down the mountain side.
Sunday, June 21, 2009, 10:46-10:52 am
KDFC 102.1 FM: Mischa Maisky plays
Franz Schubert, Ellens Gesang III, D 839
Op. 52 #6 "Ave Maria"
(1825), Harp MP3,
Listen, (CD), YouTube, Notes, Summer Solstice

If Winter Solstice
is the Seed of Light,
Summer Solstice is the Fruit.
Sunday, June 21, 2009, 11:00 am
Mountain View: Listening to KDFC 102.1 FM
Classical Music requests for Father's Day
Recall Goethe's Italian Journey entry
on Sept. 28, 1787, Frascati (Luke, II.49)

"So my life is happy
because I am about
my father's business."

Commentary on "Summer Solstice on Father's Day"

Summer Solstice
According to NOAA (National Oceanic and Atmospheric Administration)'s National Weather Service Office in Indianapolis, Indiana web site, the Earth's Seasons: Equinoxes and Solstices for 2008-2020 are posted from the U.S. Naval Observatory, Astronomical Applications Department.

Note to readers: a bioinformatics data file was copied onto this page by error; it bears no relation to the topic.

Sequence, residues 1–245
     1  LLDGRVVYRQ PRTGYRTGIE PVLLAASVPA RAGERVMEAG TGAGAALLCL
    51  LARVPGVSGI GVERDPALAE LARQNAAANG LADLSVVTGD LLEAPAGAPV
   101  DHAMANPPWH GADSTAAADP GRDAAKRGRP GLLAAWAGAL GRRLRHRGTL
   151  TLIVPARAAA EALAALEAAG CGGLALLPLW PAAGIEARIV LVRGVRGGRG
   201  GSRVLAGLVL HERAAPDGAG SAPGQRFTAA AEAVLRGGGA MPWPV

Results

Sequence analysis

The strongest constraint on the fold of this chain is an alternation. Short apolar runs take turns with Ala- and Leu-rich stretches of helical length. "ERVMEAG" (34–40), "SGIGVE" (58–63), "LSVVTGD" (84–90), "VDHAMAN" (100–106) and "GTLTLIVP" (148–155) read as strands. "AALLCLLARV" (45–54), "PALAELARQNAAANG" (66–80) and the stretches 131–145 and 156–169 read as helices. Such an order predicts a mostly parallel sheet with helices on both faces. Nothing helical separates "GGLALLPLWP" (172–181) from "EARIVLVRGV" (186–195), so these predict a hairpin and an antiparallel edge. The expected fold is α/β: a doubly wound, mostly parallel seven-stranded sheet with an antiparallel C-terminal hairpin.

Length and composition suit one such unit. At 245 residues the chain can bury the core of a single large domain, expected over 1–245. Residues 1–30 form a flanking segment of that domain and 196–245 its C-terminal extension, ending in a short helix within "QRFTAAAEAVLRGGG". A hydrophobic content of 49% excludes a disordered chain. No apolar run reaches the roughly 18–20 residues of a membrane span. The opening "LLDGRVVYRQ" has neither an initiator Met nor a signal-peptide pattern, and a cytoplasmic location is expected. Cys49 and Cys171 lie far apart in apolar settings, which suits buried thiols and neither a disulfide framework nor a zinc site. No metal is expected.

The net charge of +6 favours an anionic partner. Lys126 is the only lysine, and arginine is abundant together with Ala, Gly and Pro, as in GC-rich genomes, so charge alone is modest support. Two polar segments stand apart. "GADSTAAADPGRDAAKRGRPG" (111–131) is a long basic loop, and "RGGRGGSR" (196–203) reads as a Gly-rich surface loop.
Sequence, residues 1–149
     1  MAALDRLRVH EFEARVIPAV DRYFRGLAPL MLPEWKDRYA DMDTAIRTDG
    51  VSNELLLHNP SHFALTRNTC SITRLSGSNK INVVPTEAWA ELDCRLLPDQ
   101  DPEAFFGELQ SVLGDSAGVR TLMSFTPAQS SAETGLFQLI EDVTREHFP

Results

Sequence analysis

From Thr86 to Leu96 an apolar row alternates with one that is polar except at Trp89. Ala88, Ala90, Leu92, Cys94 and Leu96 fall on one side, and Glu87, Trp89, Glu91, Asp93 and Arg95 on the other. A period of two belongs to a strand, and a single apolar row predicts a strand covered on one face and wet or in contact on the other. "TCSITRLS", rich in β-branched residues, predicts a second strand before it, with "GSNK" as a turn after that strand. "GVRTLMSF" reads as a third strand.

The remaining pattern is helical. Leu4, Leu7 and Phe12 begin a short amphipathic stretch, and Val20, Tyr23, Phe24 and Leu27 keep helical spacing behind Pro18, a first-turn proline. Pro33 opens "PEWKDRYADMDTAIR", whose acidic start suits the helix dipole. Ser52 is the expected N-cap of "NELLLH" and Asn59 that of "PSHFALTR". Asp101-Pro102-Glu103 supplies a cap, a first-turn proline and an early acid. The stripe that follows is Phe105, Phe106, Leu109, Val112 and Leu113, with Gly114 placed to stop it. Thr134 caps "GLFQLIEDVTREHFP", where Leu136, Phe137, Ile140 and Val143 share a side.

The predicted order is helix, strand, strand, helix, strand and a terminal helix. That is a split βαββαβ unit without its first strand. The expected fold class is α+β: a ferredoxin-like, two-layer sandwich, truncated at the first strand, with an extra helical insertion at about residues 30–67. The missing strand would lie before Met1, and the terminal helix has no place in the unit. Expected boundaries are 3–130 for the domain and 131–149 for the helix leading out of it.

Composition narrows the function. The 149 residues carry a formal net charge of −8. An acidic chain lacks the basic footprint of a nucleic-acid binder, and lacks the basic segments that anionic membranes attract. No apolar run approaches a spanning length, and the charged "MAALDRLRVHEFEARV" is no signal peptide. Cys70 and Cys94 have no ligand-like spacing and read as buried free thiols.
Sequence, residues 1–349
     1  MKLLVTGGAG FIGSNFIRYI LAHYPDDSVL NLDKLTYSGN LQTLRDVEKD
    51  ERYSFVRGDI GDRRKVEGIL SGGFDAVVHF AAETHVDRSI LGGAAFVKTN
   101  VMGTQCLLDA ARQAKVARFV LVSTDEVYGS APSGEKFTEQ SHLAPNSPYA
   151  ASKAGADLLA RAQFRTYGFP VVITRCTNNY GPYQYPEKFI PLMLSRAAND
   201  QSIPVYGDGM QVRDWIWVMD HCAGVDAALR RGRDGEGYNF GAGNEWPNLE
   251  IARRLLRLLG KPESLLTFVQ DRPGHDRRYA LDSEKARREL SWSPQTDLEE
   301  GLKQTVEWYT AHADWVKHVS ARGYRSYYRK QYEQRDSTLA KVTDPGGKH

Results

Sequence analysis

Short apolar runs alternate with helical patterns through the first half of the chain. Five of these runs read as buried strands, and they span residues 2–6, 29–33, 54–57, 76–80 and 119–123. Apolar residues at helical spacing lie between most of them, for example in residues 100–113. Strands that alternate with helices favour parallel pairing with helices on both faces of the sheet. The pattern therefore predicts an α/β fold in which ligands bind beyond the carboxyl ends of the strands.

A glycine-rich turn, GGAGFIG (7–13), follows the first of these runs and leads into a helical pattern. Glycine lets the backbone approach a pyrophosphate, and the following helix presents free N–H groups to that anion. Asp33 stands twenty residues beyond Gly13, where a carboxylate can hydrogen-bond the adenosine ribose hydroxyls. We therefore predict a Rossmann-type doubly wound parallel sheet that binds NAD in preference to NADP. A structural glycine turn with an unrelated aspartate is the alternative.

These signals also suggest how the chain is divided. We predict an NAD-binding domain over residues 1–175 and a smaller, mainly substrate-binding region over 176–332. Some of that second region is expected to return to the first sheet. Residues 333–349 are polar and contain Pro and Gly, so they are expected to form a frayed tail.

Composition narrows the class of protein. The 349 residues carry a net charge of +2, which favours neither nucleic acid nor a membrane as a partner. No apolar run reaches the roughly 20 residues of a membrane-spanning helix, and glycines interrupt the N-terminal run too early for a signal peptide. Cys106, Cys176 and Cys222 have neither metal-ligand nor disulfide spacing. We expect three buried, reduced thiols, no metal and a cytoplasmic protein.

VERNAL EQUINOX.....(SPRING) MAR 20 2009  744 AM EDT - 1144 UTC
SUMMER SOLSTICE....(SUMMER) JUN 21 2009  145 AM EDT - 0545 UTC
AUTUMNAL EQUINOX...(FALL)   SEP 22 2009  518 PM EDT - 2118 UTC
WINTER SOLSTICE....(WINTER) DEC 21 2009 1247 PM EST - 1747 UTC
So June 21, 2009 marks the beginning of summer or the Summer Solstice— the longest day of the year with 15 hours and 21 minutes of sunlight (June Solstice Explained).

Father's Day
Father's Day is a day honoring fathers, celebrated on the third Sunday of June in 52 of the world's countries and on other days elsewhere. It complements Mother's Day, the celebration honoring mothers. The first observance of Father's Day is believed to have been held on June 19, 1910 through Sonora Dodd's efforts of Spokane, Washington. I've not researched when was the last time that Father's Day fell on the same day as Summer Solstice. It is interesting that Egypt, Lebanon, Jordan, Syria, and Uganda celebrate Father's Day on June 21 that's near Summer Solstice.